The strength of classical management lies in the confidence that is adherents have in its ever-lasting rightness. Based on ideas from 300 years ago, when business and society were markedly different, they remain with us today and are staunchly defended as correct for our time and beyond. The ideas are mystically seen as unchallengeable and unalterable rules of Nature despite great changes in business, society, human knowledge, and human behavior. Thus, we are forced to live under whatever outcomes, good and bad, that classical management delivers to us all. We are also forced to confront the reality that entrenched preconceptions continue to make Lean a niche management practice, unable to extend its reach beyond a few hundred companies out of the tens of millions of companies worldwide. The cycle of classical management, shown in the image above, assures there is no change in course overall.
A substantial part of the problem stems from the fact that the teaching of critical thinking in school is, at best, a 1 sigma process. It suffers from a 70% or greater failure rate regardless of the extent to which one is educated. Every teacher says they teach critical thinking, but few actually do, and those that do struggle to connect this important learning to students’ real world. Critical thinking means to question assumptions; to question the validity of claims such as those which are the foundation of 17th century moral philosophy and 18th century classical and neoclassical economics. Critical thinking means to examine the underlying premises (beliefs and assumptions) of things that are commonly taken to be true. Remarkably, the 70 percent or greater failure rate applies to everyone.
Scientific thinking, so much the rage today in Lean-world, is a subset of critical thinking. It’s good stuff, but not all scientific thinking is critical thinking. For scientific thinking to embody critical thinking, it must question the beliefs and assumptions, not merely rote step-wise evaluation of phenomena to better understand the world we live in. Critical thinking is more than problem-solving via the scientific method. While both have value, it is critical thinking that upsets the cycle of classical management. Within the classical management cycle there is lots of problem-solving going on, but the problem-solving is based on an unchanging set of beliefs and assumptions. That is why common problem-solving tends to reinforce and extend the status quo, and why efforts to make big leaps in improving leadership and management usually fail. It is why technical and behavioral training programs in industry produce little in the way of meaningful results. It is why teaching Lean management to people has a success yield much lower than 1 sigma, and thus why Lean is so easily and so often subsumed into classical management practice.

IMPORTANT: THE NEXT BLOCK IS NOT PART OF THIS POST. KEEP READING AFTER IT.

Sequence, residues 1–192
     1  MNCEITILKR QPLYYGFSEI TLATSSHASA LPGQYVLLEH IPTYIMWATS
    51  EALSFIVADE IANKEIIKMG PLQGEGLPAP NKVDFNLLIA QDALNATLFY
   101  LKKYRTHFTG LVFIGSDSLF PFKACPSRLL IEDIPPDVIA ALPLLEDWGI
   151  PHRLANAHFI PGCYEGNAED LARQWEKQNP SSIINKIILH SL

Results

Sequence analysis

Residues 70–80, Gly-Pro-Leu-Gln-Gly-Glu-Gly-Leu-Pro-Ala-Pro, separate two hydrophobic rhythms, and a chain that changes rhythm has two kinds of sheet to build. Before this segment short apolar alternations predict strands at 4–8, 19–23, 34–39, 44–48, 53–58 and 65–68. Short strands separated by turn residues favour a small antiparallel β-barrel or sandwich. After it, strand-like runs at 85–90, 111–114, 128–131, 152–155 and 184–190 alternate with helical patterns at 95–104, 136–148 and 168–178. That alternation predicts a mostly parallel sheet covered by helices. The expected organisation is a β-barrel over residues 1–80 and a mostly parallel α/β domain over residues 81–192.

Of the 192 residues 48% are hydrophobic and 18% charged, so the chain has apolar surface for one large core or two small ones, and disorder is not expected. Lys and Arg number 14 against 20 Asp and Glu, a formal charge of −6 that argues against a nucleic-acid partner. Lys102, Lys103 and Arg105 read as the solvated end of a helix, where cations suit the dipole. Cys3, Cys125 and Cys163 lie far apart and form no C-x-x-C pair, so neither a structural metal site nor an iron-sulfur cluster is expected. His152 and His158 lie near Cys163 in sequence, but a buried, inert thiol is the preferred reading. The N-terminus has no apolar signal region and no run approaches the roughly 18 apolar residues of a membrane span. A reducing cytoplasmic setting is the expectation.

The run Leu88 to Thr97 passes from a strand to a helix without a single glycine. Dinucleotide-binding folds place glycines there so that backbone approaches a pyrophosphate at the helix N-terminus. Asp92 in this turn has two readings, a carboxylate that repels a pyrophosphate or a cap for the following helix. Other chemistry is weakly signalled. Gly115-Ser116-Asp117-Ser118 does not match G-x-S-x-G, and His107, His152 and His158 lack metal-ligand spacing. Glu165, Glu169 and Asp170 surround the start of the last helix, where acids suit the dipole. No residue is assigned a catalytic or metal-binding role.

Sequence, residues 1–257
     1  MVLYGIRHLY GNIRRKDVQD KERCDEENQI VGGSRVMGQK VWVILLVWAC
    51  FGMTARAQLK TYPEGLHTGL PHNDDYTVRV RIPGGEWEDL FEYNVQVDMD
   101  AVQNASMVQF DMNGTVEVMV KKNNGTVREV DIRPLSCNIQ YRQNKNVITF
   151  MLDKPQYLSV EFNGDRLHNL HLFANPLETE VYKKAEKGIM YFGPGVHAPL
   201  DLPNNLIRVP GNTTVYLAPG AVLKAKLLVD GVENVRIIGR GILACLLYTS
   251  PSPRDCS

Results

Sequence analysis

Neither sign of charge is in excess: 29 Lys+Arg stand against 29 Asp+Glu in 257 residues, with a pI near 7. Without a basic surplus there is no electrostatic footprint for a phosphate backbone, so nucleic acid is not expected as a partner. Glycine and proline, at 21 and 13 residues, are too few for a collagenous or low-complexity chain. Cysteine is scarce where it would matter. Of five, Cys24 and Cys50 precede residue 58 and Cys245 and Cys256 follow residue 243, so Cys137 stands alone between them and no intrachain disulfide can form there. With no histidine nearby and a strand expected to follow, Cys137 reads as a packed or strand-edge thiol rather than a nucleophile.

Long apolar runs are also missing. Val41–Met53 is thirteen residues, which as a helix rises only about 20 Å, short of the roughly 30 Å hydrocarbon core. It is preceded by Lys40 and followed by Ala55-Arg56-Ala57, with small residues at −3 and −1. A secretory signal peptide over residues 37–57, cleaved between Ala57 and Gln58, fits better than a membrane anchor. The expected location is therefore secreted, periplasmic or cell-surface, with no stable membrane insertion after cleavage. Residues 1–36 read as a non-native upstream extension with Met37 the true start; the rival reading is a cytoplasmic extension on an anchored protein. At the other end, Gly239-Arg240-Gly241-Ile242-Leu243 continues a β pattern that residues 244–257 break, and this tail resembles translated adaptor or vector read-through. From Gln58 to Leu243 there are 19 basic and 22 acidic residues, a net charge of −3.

The result of a lack of critical thinking is the never-ending production of recurring problems, both small and large. One such large problem is the business cycle and economic recessions (see image at right, recession is denoted with red R). Since 1870, the U.S. economy has operated at a 2 sigma level, which means a 30% failure rate. There have been 12 recessions since 1950 resulting in a 17% failure rate. There has been an average of one recession every 6.6 years since 1980, a 15% failure rate. The current recession is a COVID-19 induced deep recession, however a recession due to more traditional causes was possible (likely?) in the next year or two without COVID-19 due to various asset and credit bubbles. So, while the failure rate appears to be decreasing, from 2 sigma to 2.5 sigma, the U.S. economy (or any country’s economy) is far from what one would term as “high quality” — despite more than 200 years of economic research and technical and policy solutions.
We must not forget that the damage done by a recession to employment and wages lingers many years after economists declare a recession to be over. These events have long-lasting consequences for workers and their families and make it difficult for people to have a good life due to the setbacks they experience every half-dozen years or so. And it makes it very difficult for young people (Gen X, Millennials, Gen Z) get established in the workplace (e.g. economically secure) or live a better life than their parents. They, perhaps more than any others, and truly dissatisfied with the current state.
To get to “high quality” in anything requires critical thinking, and that includes management. People need to better understand classical management and just how great a force it is at resisting or rejecting fundamental change in business and society. You can start by learning about the current state of leadership. Please consider reading these books: